We have teams working in clinics in both Kivu provinces, as well as Kasai Central, Maniema, and Ituri, offering reproductive health care, including safe abortion care, and medical and psychological treatment for victims of sexual and gender-based violence. With multiple forms of violence often perpetrated at the community level, MSF is training people to be first responders, or trusted focal points, for victims in their own communities. In Kimbi-Lulenge and Kamambare health zones (South Kivu), and in Salamabila (Maniema), Masisi (North Kivu), and Kananga (KasaiCentral), MSF works with 88 such focal points. Most are female, as the majority of victims are women and girls. MSF tries to tackle the prejudice that leads to stigma and even family rejection, and tries to organize referrals to other organizations who can offer socioeconomic assistance. Please donate to support our work in DRC and other countries around the world now.

Responding to epidemics

Throughout 2019, our teams supported the national response to large cholera outbreaks across both Kivu provinces. Our teams treated patients in cholera treatment centers (CTCs) and ensured that they and their care takers were made aware of good hygiene and sanitation practices to reduce the risk of spreading. We also carried out epidemiological surveys and donated medicines. During an outbreak between May and September, we opened a temporary CTC in Kyeshero (Goma), Lubumbashi (Katanga) and four more in Masisi, where we treated almost 700 patients in one month, most of them displaced people living in precarious conditions in camps.

Malaria also continues to be a major health issue in DRC. At Baraka hospital in South Kivu, we increase treatment capacity every year with 100 beds to respond to the seasonal peak. In 2019, we introduced larvicide spraying in mosquito breeding hotspots as a preventive strategy. In Bili health zone, North Ubangi, where malaria is hyper-endemic, our teams ran a project across 62 health facilities focused on treating young children.

In the capital, Kinshasa, and Goma, we support 11 health care facilities to expand access to HIV treatment and screening, strengthen follow-up and ensure a steady supply of ARVs. In Kinshasa, we provided medical and psychosocial care for 3,167 HIV-positive patients at Kabinda hospital and seven other facilities. At Misisi health center in South Kivu, MSF community health educators are part of an HIV support group called the Social Committee for Health Promotion, which raises awareness and fights stigma in the community. In 2019, the group followed 1,821 patients registered in HIV programs in Misisi, Lulimba and Nyange health centers.

Throughout 2019, we continued our advocacy efforts to address the lack of bed capacity for advanced HIV/AIDS patients, tackled ARV stockout problems, and enhanced specialist care for pediatric patients.

In July 2019, the World Health Organization declared the Ebola epidemic a public health emergency of international concern. By December 31, there had been approximately 3,300 confirmed cases and 2,200 deaths, making it the second-largest outbreak ever recorded, after the one in West Africa in 2014–2016. Over 1,000 patients survived the disease.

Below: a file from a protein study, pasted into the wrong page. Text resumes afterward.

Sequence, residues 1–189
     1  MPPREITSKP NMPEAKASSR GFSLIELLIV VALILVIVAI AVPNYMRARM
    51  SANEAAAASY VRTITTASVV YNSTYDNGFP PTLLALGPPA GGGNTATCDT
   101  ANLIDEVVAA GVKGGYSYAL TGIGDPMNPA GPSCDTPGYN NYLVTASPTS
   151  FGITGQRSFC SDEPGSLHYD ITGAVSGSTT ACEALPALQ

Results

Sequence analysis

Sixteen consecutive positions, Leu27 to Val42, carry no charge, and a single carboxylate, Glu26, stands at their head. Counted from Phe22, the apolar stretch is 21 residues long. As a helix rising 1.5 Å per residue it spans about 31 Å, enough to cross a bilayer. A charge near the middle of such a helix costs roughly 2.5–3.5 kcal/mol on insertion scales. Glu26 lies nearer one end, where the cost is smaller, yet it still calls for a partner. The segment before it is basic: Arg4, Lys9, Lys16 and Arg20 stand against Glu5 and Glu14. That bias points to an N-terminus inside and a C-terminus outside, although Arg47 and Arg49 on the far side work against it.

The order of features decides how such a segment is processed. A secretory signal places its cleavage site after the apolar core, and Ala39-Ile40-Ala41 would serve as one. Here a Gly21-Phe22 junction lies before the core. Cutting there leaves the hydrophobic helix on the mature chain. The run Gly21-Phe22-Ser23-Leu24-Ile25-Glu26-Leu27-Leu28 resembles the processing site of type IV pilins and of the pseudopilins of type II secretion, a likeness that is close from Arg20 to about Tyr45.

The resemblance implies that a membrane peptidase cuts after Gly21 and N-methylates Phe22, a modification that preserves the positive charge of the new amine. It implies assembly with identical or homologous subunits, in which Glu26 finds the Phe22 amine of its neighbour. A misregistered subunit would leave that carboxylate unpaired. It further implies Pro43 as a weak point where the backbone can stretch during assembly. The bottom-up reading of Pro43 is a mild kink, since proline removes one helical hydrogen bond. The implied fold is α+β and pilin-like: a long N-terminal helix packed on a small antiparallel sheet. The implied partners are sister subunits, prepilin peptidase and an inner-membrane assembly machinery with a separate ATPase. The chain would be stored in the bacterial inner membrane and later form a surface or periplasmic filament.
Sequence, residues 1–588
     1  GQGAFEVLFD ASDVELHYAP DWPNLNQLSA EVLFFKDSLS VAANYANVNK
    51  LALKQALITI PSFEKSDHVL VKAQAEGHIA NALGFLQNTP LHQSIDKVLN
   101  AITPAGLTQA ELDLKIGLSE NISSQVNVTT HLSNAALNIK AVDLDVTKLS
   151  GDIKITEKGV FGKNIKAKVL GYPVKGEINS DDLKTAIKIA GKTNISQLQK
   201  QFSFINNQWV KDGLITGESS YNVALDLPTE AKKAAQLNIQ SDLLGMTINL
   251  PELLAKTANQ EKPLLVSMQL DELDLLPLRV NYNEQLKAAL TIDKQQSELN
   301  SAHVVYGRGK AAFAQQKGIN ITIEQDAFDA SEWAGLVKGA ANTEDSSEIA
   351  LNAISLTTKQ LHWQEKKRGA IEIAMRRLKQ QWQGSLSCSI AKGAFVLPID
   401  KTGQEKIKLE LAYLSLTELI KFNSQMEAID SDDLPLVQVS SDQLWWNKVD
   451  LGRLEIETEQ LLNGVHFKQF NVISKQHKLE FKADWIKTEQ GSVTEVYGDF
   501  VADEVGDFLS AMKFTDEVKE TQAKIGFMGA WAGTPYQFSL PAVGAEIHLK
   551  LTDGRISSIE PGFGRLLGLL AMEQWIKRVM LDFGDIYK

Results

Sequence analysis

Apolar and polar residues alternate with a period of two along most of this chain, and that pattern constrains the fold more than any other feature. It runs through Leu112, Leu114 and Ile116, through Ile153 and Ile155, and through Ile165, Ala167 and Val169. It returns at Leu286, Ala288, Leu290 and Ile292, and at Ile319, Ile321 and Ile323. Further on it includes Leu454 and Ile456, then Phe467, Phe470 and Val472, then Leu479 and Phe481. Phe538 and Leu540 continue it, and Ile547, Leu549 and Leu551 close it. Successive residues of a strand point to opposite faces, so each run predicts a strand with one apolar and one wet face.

During the year, MSF teams continued to provide assistance to people in North Kivu and Ituri, including medical care for confirmed and suspected Ebola cases and vaccinations for people who had been in close contact with those diagnosed with the disease. In addition, we worked to reinforce access to general health care in the region, develop community engagement, and integrate Ebola care into local health care facilities. The aim was to adapt our activities to address the full medical and humanitarian needs of the population, which go well beyond Ebola.

In February 2019, the Ebola treatment centers we supported in Butembo and Katwa came under violent attack, forcing our teams to leave the area. Over the following months, we scaled up our support to hospitals and health centers at a time when the contamination of facilities and the reassignment of local health staff to Ebola activities was reducing their capacity to provide health care.

Papa Lazard, health promoter supervisor, sings a song to promote the measles vaccine at Kweba village, Lungonzo district. Democratic Republic of Congo, 2019 © Pablo Garrigos/MSF

Our missing colleagues

On July 11, 2013, four MSF staff were abducted in Kamango, in the east of DRC, where they were carrying out a health assessment. One of them, Chantal, managed to escape in August 2014, but we are still without news of Philippe, Richard, and Romy. We remain committed to obtaining their liberation.

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Between July and August 2019, confirmed Ebola cases were reported in Goma city and South Kivu province, as well as in neighboring Uganda. In each location, we supported the health authorities to manage the response. These occurrences, which could have signaled a major expansion of the outbreak to new areas of the country and across the border, turned out to be short-lived, and North Kivu and Ituri continued to be the hotspots for the rest of the year.

Progress was made in 2019 with respect to the new medical tools being used to tackle the virus; preliminary analyses indicated that the rVSV-ZEBOV vaccine, in use since the start of the outbreak, is effective in preventing infection, while two of the four developmental treatments subject to the randomized controlled trial gave positive indications and remained the only two treatments in use. A clinical study of a second potential Ebola vaccine was launched in September.

In a context marked by violence against Ebola responders—over 300 attacks were recorded in 2019, resulting in an increased presence of security and military forces around Ebola treatment facilities—our ongoing challenges are gaining the trust of the population and getting local communities to participate in the response effort. These are crucial for an effective response strategy.